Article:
Located in the heart of Europe, the German landscape is a complex geographical mix. From its flat northern plains to its hills, mountains and dense forests in the south, it has a little bit of everything, including waterfalls.
Many of the most famous waterfalls of Germany are located in the south, particularly in the Alps and the Black Forest. In this article, we’ll pour over some of Germany’s best waterfalls and some lesser known gems, starting with the celebrated Triberg waterfalls.
As the Gutach river flows through the heart of the Black Forest, it stumbles down almost 500 feet over the course of seven drops, forming the tiered horsetails of the Triberg waterfalls. Whilst it is not, as it is often mistakenly cited, the highest waterfall in Germany, it is amongst the most famous.
It is in Berchtesgaden National Park near the Austrian border that one finds what is considered to be the highest of all the waterfalls in Germany. The Rothbachfall or “Rothbach waterfall” is found at the southernmost part of the Königssee River. Dropping approximately 1,541 feet, the Röthbachfall descends in three stages, the largest a 787-foot horsetail.
There’s no need to travel far from Rothbachfall for the next of Germany’s best known waterfalls. Indeed, just half a mile away is Landtalfall. Also known as Landtalgraben waterfall, this 1,345-feet cataract even pours into the same pool as its neighbour. It’s also said to be the country’s second highest falls.
While the shimmering, foamy grandeur of the Tatzlwurm garners it a spot as one of Germany’s best waterfalls, the tale of its namesake elevates it beyond its 312-foot height and to the stuff of legend. Located in the Bavarian Alps on a well-trodden pilgrimage route, the story goes that a terrible dragon lived in a cave behind the falls. That monster was the Tatzlwurm.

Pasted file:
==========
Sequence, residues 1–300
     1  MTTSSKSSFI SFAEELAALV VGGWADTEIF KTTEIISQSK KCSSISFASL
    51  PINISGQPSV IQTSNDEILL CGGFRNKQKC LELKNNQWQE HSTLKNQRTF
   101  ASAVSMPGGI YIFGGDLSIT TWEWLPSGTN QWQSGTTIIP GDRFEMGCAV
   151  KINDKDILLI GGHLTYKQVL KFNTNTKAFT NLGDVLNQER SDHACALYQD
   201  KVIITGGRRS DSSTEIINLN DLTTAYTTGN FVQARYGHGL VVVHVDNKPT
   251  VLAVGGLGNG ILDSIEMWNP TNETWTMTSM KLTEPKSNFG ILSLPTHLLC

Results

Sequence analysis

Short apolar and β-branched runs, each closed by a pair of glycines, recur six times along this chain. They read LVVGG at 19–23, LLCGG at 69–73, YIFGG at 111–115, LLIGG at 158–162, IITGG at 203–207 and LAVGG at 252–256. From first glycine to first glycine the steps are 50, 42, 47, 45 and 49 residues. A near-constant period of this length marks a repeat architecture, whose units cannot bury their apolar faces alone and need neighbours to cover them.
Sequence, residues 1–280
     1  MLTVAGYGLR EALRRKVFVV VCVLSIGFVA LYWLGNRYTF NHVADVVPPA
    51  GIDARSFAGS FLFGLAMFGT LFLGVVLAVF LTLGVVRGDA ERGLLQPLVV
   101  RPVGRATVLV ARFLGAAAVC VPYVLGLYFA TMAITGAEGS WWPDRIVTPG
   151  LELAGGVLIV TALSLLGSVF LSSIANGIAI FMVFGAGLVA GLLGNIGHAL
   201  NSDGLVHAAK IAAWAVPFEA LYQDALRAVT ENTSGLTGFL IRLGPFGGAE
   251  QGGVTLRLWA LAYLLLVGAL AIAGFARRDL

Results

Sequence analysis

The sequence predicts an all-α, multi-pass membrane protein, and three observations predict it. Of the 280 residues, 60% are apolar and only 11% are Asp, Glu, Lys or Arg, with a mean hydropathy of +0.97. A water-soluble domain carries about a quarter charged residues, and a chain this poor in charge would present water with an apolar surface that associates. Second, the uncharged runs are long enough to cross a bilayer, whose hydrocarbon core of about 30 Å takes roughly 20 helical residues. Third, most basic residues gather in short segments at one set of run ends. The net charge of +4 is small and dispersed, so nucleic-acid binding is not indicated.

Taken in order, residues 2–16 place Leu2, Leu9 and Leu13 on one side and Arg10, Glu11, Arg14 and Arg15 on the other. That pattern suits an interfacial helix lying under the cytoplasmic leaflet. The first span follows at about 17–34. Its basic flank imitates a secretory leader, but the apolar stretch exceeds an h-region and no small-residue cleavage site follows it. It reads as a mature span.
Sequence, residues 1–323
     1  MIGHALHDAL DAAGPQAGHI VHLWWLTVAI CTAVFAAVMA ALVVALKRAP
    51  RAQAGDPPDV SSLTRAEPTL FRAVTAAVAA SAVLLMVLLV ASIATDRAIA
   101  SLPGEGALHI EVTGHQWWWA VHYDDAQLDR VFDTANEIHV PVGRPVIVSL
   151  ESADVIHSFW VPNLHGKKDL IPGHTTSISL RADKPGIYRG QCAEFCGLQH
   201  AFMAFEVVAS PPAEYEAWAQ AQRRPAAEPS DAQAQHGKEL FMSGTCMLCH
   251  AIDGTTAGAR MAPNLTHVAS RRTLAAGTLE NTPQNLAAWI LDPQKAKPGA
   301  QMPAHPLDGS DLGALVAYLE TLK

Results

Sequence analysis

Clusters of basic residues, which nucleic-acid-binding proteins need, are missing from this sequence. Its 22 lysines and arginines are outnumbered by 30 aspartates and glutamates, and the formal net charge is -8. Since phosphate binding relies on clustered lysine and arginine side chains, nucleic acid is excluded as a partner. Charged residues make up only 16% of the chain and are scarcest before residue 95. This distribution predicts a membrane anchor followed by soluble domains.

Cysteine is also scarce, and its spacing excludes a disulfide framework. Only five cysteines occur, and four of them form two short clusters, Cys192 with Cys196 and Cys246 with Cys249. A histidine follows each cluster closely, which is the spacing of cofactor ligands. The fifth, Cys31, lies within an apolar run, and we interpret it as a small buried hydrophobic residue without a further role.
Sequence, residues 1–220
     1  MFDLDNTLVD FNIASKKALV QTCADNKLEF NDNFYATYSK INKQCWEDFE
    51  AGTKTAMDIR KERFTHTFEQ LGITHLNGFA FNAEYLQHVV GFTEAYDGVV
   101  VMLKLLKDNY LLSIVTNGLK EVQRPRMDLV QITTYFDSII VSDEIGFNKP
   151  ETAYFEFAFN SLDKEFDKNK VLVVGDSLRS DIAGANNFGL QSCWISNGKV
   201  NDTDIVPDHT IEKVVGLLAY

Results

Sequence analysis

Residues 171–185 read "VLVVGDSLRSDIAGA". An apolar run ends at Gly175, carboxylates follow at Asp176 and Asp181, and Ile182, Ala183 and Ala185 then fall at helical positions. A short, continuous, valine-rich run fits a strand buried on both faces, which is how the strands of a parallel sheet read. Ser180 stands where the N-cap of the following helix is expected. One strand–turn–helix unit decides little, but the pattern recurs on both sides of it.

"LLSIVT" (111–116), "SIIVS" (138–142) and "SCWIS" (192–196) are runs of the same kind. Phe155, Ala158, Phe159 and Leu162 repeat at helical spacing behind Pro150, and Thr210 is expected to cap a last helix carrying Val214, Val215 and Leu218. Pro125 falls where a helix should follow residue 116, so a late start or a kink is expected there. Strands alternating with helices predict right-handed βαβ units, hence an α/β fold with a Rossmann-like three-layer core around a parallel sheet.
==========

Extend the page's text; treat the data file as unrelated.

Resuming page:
A creation of the last Ice Age, the Todtnauer Wasserfall, or Todtnau Waterfall, is located in the southern Black Forest, a product of glacial erosion on a fault line. Today, this five-tiered granite drop in the Stübenbach watercourse ranks among the most well-known of German waterfalls and also among the tallest in the region at approximately 318 feet high.
All Saints Waterfalls
All Saints Waterfalls, Allerheiligen-Wasserfälle in German, is found in the northern Black Forest town of Oppenau. Named after the abbey whose ruins are nearby, this 216 foot drop in the Lierbach stream rushes down seven high-walled tiers of igneous rock at seven cubic feet per second.
It’s said that the name of Kuhflucht Waterfalls dates back to ancient times, deriving from the Roman word “confluctum”, meaning confluence. The thinking is that this referred to this being the point where the mountain stream of the waterfall meets the Loisach river. Among the best known waterfalls in Germany for its location near the base of the iconic Zugspitze, the falls are approximately 656 feet high and consist of a series of cascading tiers. Oh, and there is another interpretation of their name. Some argue that it originates from the Bavarian “Kuhflack” which roughly translates as “cow rest”.
With its waters burbling over mossy rocks and densely green surrounding, Gertelbach Falls could be straight out of a fairytale. However this picturesque set of cascades is very much real, and located in the northern Black Forest.
The Buchenegger Waterfalls are a hidden gem located in the Allgäu region of Germany. The falls consist of a series of cascading tiers and are approximately 328 feet high.
The Waterfalls of Germany
Germany’s best waterfalls offer a unique opportunity to experience the country’s stunning natural beauty. From the thundering Triberg waterfalls to the tranquil Kuhflucht, the waterfalls of Germany are not to be “mist”.